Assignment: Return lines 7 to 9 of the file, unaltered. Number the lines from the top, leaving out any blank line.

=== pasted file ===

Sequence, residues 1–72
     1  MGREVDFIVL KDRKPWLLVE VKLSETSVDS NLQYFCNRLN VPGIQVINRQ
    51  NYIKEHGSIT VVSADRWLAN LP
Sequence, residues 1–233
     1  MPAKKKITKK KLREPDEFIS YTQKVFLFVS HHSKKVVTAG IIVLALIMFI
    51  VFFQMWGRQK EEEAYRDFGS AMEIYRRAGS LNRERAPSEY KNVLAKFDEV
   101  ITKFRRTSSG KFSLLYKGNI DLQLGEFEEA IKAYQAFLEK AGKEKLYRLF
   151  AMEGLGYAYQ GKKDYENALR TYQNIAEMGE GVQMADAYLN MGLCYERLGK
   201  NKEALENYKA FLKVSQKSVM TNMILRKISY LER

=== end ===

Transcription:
   101  ITKFRRTSSG KFSLLYKGNI DLQLGEFEEA IKAYQAFLEK AGKEKLYRLF
   151  AMEGLGYAYQ GKKDYENALR TYQNIAEMGE GVQMADAYLN MGLCYERLGK
   201  NKEALENYKA FLKVSQKSVM TNMILRKISY LER